Ambassador Ghilain D’Hoop,
Chair of the 65th session of the Commission on Narcotic Drugs,
Distinguished Ambassadors, Excellencies,
Ladies and Gentlemen,
I am very pleased to be with you today, to join this thematic discussion on a very important topic: the need to uphold the international drug control system, side-by-side with international human rights obligations.
Drug control obligations and human rights obligations share the same priority at their core: people and their wellbeing.
People need to be our focus now more than ever.
The latest Human Development Report issued by UNDP revealed that the global human development index declined for two years straight, for the first time in more than 30 years.
As we grapple with crises, development and human rights gains are eroding, and more people are left vulnerable to drug use and exploitation.
The Universal Declaration on Human Rights recognizes all people as being equal in dignity, and guarantees, among others, the right to security, health, and medical care.
In practice, that is not the case for everyone.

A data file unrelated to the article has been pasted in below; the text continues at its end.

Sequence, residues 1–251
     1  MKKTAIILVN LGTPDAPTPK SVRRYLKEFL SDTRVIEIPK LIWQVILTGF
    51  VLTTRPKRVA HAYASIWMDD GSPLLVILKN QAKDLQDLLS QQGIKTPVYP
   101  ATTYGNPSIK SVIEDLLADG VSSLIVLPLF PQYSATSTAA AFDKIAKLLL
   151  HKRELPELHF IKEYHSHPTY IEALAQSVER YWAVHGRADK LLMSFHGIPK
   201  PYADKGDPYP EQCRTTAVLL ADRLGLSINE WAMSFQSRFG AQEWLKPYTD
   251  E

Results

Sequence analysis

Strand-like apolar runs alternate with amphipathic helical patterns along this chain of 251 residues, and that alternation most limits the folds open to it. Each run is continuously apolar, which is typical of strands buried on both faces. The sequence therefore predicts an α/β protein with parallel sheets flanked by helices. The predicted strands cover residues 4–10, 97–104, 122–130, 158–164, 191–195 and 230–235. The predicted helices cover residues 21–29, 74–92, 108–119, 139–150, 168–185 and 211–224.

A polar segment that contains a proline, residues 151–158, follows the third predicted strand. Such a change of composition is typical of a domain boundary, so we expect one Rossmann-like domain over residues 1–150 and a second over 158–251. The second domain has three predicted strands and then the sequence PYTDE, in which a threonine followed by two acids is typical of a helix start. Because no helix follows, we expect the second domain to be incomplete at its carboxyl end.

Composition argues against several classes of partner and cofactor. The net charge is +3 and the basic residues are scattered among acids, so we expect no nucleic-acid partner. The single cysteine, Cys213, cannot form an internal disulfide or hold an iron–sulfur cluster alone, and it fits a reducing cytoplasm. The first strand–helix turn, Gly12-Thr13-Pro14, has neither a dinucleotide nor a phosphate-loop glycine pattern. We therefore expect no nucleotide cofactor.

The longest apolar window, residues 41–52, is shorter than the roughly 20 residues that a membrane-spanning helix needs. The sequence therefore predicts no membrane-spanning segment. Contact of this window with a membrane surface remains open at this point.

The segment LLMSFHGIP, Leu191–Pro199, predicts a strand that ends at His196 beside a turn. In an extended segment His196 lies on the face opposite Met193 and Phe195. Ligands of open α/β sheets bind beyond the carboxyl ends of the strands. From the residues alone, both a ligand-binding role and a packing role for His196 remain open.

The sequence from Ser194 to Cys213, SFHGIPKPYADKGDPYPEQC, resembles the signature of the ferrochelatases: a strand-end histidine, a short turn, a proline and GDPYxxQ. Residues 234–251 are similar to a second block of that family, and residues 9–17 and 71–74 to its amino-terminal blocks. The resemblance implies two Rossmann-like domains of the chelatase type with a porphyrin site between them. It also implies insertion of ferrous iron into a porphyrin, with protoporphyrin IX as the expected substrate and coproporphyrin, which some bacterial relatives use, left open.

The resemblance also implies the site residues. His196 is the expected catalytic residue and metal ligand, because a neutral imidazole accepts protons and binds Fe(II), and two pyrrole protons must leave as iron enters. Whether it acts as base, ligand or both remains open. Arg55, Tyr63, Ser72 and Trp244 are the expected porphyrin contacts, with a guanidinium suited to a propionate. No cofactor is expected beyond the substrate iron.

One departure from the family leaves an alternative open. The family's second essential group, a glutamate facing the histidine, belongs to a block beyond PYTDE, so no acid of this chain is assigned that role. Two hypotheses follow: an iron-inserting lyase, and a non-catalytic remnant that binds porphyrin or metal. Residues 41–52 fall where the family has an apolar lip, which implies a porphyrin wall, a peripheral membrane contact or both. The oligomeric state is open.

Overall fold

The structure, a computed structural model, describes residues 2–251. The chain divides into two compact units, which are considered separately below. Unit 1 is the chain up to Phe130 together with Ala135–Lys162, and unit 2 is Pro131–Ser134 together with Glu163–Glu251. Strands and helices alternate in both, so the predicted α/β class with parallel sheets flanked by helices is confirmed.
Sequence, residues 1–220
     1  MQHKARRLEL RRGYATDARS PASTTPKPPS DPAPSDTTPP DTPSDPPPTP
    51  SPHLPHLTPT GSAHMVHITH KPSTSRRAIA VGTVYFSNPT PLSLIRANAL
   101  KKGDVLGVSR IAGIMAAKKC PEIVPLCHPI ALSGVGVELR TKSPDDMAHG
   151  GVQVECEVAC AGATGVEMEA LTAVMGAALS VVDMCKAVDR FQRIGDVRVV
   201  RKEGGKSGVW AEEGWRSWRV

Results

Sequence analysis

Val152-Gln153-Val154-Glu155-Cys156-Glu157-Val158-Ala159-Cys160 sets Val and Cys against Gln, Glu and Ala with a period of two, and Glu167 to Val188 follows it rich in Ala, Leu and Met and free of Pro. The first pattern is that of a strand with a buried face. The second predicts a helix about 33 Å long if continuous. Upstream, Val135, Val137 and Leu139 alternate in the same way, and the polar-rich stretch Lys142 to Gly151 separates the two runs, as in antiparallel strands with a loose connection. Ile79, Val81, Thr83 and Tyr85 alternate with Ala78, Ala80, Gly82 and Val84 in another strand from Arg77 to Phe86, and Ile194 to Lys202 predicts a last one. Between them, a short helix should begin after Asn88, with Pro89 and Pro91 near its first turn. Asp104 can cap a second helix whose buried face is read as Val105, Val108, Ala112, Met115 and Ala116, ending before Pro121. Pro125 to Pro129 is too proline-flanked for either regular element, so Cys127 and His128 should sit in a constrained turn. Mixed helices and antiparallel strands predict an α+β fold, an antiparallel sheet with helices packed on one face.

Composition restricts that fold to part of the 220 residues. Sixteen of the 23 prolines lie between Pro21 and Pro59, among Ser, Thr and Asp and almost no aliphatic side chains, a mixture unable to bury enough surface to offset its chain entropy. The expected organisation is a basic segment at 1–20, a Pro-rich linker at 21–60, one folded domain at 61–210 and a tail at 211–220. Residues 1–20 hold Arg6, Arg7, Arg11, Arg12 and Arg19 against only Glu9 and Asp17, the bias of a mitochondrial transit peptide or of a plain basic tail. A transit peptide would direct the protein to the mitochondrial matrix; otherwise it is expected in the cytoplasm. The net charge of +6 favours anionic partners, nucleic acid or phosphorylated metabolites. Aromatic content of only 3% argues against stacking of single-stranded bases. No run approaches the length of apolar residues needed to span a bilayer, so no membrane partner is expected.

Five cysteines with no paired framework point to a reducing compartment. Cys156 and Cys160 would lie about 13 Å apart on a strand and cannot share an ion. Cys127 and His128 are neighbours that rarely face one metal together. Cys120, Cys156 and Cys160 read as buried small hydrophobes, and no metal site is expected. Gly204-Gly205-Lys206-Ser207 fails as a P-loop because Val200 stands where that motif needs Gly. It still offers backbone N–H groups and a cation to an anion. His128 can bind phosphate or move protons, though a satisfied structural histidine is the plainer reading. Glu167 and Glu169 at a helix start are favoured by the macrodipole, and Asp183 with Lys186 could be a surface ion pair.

People who use drugs, and those who are impacted by them, are often among those who cannot access those rights, as a result of stigma, circumstances, limited resources, and sometimes as a result of the very responses to address the world drug problem.
All of the three drug control conventions express concern for the health and welfare of humankind in their very first sentences.
Upholding the conventions means upholding their purpose.
Drug control obligations and human rights obligations are compatible, complementary, and mutually reinforcing.
What Member States need to strive for, is to live up to those obligations in a coherent manner that never loses sight of the ultimate goal.
It all starts with the wellbeing of every person.
The 2022 World Drug Report issued by the UN Office on Drugs and Crime in June found that more than 38 million people suffered from drug use disorders globally, but only one in five received adequate treatment, with women finding it particularly hard.
Effective treatment and care must be available to everyone who needs and wants them, while prevention should remain the first line of defense.